Sammy’s vision in 2004 was clear: God wanted him to raise up leaders who have the same faith that Moses of the Old Testament had.
Sammy, senior consultant for Asian ministries at his state convention, believes that “just as God met Moses and sent him back to Egypt to bring his people to the Promised Land, so too will God meet immigrants today and send them home to spread the gospel—we just have to raise up leaders.”
He is passionate about equipping the next generation of leaders among Asian-American communities and connecting Asian-American churches to fulfill the Great Commission. In September 2019 Sammy saw his vision become a reality when he led a team of immigrant pastors and leaders from the U.S. on a vision trip to their native country, Myanmar (Burma).
Sammy connected with IMB missionaries in Southeast Asia through Asian pastors and churches in his home state and a Great Commission Partnership director at his state convention.
“We had no idea what God had in store for our time there, but it became clear that God is bringing the vision of seeing 21st century versions of Moses into reality,” said Sammy.
Once in Myanmar the team from the U.S. met with IMB missionaries and learned how to assist in their strategies for partnering with local leaders in evangelism and church planting. This was the first group of Burmese from the U.S. the missionaries had worked with.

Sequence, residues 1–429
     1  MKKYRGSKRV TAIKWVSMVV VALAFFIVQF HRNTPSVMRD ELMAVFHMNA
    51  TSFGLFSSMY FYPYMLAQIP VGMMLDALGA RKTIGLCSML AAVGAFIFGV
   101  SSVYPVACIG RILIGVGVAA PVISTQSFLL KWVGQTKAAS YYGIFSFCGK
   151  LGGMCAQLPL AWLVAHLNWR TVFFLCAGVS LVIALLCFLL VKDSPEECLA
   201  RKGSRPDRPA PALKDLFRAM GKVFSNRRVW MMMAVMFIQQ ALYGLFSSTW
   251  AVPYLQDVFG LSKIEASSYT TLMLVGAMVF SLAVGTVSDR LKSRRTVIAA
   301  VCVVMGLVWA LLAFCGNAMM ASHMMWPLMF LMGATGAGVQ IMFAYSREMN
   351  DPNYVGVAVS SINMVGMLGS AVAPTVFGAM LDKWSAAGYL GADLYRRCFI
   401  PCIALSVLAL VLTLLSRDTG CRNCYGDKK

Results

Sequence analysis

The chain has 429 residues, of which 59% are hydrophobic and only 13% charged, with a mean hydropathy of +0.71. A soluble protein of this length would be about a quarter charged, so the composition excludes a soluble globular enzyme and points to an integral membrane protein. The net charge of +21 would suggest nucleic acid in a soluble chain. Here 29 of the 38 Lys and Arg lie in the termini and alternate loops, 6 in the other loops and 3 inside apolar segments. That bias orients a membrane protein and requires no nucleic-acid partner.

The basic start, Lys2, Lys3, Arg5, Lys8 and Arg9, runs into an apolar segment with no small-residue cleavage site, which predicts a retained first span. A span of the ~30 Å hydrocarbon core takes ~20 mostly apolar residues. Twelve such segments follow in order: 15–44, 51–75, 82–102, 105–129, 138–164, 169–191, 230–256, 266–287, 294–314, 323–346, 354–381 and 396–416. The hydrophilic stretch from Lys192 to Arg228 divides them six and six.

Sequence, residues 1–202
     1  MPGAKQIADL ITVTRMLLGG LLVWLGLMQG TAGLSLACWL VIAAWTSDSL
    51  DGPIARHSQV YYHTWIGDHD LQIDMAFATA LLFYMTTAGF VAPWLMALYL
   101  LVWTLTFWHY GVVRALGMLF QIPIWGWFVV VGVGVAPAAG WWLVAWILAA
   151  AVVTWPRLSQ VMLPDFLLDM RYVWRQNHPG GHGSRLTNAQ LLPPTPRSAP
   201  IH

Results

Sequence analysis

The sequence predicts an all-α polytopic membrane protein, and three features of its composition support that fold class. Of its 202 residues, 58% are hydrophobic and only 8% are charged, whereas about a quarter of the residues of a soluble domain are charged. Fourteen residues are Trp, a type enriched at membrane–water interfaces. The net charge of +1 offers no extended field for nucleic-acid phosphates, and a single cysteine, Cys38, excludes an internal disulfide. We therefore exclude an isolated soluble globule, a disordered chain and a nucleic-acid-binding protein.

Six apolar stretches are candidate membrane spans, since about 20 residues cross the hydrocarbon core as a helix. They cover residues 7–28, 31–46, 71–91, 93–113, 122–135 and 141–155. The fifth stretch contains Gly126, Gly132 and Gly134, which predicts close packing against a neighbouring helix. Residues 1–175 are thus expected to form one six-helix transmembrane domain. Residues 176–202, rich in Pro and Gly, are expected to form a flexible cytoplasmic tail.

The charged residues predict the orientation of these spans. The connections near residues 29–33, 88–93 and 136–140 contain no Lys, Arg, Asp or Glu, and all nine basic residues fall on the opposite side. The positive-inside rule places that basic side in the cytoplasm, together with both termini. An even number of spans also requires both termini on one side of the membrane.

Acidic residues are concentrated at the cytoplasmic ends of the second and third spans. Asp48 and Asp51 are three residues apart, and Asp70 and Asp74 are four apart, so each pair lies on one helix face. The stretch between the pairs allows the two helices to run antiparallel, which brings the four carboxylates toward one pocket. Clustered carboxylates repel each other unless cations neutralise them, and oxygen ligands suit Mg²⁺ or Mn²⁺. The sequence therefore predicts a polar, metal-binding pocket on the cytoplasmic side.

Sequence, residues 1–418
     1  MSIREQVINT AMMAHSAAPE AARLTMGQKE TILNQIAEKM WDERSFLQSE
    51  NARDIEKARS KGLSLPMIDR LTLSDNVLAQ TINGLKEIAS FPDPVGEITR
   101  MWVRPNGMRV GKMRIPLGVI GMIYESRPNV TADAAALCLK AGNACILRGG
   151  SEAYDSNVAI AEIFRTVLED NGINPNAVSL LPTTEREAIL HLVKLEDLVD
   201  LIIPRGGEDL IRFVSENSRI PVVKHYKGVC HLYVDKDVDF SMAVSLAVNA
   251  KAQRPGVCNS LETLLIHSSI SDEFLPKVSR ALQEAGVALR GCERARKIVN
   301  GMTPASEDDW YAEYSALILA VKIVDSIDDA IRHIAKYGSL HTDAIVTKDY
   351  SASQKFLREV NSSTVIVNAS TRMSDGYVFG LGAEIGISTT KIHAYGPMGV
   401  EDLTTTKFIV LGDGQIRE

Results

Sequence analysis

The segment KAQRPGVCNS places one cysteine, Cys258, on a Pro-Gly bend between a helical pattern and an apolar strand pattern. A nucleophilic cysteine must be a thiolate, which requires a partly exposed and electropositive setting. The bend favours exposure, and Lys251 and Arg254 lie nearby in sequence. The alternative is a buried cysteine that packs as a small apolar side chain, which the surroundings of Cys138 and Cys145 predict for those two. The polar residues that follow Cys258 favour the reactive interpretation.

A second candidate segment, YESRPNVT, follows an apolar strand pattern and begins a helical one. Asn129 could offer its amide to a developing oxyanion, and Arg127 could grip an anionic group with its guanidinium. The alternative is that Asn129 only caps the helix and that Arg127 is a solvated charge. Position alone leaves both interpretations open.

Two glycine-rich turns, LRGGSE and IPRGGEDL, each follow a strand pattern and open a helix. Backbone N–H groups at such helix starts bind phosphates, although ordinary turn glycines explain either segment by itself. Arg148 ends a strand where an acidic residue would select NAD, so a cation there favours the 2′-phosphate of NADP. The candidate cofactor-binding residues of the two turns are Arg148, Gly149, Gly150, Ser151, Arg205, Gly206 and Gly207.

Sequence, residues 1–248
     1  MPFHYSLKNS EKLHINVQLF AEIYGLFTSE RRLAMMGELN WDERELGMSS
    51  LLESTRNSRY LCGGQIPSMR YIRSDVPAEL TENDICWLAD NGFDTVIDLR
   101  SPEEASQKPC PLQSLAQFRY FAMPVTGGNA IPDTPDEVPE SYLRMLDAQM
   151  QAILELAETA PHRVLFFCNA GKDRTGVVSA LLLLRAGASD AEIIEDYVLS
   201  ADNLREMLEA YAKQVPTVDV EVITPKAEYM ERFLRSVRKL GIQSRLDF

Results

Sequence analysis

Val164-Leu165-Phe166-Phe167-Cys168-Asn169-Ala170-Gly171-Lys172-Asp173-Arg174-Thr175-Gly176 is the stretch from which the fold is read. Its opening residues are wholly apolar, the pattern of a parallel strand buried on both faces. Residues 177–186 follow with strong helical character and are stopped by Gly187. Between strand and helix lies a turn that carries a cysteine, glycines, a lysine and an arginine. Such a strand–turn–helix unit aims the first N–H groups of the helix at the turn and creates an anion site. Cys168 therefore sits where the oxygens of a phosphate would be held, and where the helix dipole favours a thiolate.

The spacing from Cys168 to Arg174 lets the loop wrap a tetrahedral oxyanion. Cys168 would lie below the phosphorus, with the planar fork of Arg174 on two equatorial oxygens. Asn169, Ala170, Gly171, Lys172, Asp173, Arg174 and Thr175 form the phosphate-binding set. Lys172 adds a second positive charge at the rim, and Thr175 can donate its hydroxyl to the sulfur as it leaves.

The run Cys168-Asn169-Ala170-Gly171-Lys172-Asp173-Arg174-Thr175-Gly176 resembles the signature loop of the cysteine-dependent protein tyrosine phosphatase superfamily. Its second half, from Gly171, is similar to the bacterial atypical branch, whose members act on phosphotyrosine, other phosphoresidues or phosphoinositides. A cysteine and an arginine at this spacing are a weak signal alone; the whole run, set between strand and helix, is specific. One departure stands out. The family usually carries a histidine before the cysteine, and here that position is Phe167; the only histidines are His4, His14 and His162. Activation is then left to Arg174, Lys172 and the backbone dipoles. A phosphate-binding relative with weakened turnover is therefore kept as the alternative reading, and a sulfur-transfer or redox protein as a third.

“It was a great joy to see how the Burmese leaders from the States worked together with IMB missionaries and indigenous leaders with the same goal and heart to reach the lost for Christ,” said Sammy. “Even though this trip was a ‘vision trip’ for the U.S. Burmese leaders, it was more than that. To them, it was a homecoming.”
Working alongside the local Burmese leaders proved to be an encouragement to those from the U.S. They returned home with Burmese Christian resources and insight from their fellow believers on how to better strengthen and equip their churches in the U.S.
For Kinraw, a ministry coordinator for his state convention, this partnership of mutual encouragement between Southeast Asian leaders in the U.S., the indigenous believers in Myanmar and IMB missionaries is a testimony to the necessity of the Cooperative Program.
“Before I went to Burma, our church didn’t give as much to the Cooperative Program. But once I was in Burma, I realized how important it is,” Kinraw said.
“We all might not be able to go to Burma, but we can give to the Cooperative Program and fund the work the IMB missionaries are doing [in Southeast Asia]. They need the Cooperative Program to continue to do the missions work.”
When you give to the Cooperative Program you help fund vital partnerships like that between IMB missionaries and the immigrant and indigenous Burmese believers. Give today to further the Revelation 7:9 vision of a great multitude: https://www.imb.org/give/.
This article was written by Catherine Finch, a writer for the International Mission Board. It was originally published at imb.org.